notes of civics chapters
Electoral politics is a form of politics in which the political process is conducted on the basis of elections that are contested by candidates. It is done to secure the mandate of the people and guarantee legitimacy for the decision making process adopted by the political institutions of the country. Electoral politics requires candidates to enter their names in the election contest and reach out to the voters through their proclaimed agendas and promises that they aim to fulfil if elected to positions of power. Thus, it is the cornerstone of representative democracy.
WORKING OF INSTITUTIONS
An order issued by the Central or the State government. It is also called an Office Memorandum.
The Mandal Commission
The Second Backward Classes Commission was appointed by the Government of India in the year 1979.
Chairman of the Commission was B.P Mandal and hence, it was popular as the Mandal Commission.
27% reservation in government services for the Socially and Educationally Backward Classes (SEBCs).
Need for Political Institutions
The Prime Minister and the Cabinet are the institutions that take all the significant decisions.
Parliament is an assembly of the chosen representatives of people that exercise ultimate political authority on behalf of the people of a country.
At state level, it is called a Legislative Assembly.
It is the ultimate authority for making, annulling or changing the laws.
A Parliament controls the working of the government as the government is accountable to the Parliament.
Parliament has the right and control over the government’s money.
All discussions and debates regarding public issues and national policy take place in the Parliament.
Houses of Parliament
The Parliament has two houses- The Rajya Sabha (Council of States) and the Lok Sabha (House of the people).
A bill has to be passed by both the Houses before it finally becomes a law. If a difference arises between both the houses, then the decision is taken in a joint session of both the houses..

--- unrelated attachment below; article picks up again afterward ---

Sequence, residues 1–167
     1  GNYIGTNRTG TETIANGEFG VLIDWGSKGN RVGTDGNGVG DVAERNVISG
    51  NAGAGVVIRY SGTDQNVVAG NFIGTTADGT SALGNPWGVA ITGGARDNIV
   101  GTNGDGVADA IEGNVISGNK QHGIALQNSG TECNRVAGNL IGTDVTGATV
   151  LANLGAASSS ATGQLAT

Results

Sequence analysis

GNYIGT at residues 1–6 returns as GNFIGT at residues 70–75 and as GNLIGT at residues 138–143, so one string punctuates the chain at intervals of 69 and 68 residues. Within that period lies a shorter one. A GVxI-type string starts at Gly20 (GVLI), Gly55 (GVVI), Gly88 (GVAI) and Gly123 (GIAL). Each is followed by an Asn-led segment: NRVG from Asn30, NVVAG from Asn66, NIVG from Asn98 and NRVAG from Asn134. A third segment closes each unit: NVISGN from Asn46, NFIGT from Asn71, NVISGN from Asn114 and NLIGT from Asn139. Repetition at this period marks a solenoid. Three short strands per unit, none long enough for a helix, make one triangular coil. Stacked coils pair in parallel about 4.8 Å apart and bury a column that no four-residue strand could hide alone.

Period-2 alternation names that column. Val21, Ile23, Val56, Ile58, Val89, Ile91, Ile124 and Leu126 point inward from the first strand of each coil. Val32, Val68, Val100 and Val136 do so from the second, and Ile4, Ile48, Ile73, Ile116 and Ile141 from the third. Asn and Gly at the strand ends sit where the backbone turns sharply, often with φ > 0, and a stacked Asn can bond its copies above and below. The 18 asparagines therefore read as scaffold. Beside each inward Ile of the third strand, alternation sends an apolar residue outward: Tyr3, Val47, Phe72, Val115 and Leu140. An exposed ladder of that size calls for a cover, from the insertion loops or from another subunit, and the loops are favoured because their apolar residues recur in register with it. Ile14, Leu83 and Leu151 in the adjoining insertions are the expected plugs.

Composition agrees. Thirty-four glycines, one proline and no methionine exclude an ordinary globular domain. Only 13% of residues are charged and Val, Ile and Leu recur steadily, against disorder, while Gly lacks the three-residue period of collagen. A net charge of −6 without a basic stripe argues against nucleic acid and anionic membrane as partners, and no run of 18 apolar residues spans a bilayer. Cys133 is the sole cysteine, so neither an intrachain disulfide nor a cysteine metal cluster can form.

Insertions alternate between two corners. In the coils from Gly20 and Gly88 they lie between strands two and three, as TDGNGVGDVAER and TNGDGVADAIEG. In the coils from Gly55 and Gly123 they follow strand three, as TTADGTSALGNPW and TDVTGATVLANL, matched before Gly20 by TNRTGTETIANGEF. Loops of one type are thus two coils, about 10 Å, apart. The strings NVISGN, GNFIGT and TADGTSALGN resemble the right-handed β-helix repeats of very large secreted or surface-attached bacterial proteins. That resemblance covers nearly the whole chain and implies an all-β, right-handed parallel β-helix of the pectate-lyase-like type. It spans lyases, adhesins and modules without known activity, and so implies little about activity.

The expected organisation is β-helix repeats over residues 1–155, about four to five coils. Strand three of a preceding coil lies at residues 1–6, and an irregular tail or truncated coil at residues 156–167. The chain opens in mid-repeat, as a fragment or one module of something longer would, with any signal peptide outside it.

In monetary matters, the Lok Sabha has more powers. A money bill can be passed only by the Lok Sabha. The Rajya Sabha has no say on a money bill.
The Council of Ministers is controlled by the Lok Sabha.
Political Executive and Permanent Executive
The one which is elected by the people for only a specific period of time is called the Political Executive . It signifies the government of a country.
Permanent Executive or the Civil Services . People working for the civil services are called the civil servants.
As the will of the people is the highest, the minister gets elected by the people and thus has to exercise it on behalf of the people’s demands.
The will of the people is supreme in a democracy and ministers are directly elected by the people, thus they are answerable to the people for every decision they take.
Prime Minister and Council of Ministers
It is the most important institution of the country.
The President appoints the Prime Minister by conducting the oath of office.
The Prime Minister is usually the leader of the party that gains majority in the elections.
The Prime Minister is empowered to choose ministers.
Council of Ministers
The body that includes all the ministers is officially called the Council of Ministers. It comprise of both the senior and the junior ministers.
Cabinet Ministers: The top leaders of the ruling party/parties who handles the main ministries.
Ministers of state with independent charge: They are in charge of the small ministries and attend Cabinet meetings only if invited.
Ministers of State: They assist the Cabinet Ministers.
Chairs Cabinet meetings.
Takes the final decision in case of differences among various ministers on a particular issue.
Coordinates the working of different ministries.
All the ministers work under his supervision.
Can remove/appoint/transfer ministers.
Assigns work to ministers.
If the Prime Minister resigns/quits, the whole ministry quits.
The President is the head of the State.
Powers of the President
All government activities take place in the President’s name.
Laws and major policy decisions are issued in the President’s name.
Appointment of the Chief Justice of India, Judges of the Supreme Court and the High Courts, Governor of States, Election Commissioners, etc. take place in the name of the President.
International treaties are made in the name of the President.
The President is also the Supreme Commander of the armed forces of the country.
All the courts in the country are together called the judiciary.
The judiciary of India consists of a Supreme Court for the whole nation, state High Courts, District Courts and Courts at the local level.
The judiciary acts as the guardian of the Fundamental Rights of the citizens of India.